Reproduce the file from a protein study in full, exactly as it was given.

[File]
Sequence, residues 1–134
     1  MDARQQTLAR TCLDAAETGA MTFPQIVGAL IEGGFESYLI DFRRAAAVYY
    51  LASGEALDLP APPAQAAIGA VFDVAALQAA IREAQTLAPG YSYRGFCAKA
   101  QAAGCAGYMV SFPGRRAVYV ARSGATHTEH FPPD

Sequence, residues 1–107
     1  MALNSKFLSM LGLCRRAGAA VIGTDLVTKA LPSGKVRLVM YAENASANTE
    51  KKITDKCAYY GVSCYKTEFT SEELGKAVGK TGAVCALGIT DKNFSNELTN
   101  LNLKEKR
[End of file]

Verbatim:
Sequence, residues 1–134
     1  MDARQQTLAR TCLDAAETGA MTFPQIVGAL IEGGFESYLI DFRRAAAVYY
    51  LASGEALDLP APPAQAAIGA VFDVAALQAA IREAQTLAPG YSYRGFCAKA
   101  QAAGCAGYMV SFPGRRAVYV ARSGATHTEH FPPD

Sequence, residues 1–107
     1  MALNSKFLSM LGLCRRAGAA VIGTDLVTKA LPSGKVRLVM YAENASANTE
    51  KKITDKCAYY GVSCYKTEFT SEELGKAVGK TGAVCALGIT DKNFSNELTN
   101  LNLKEKR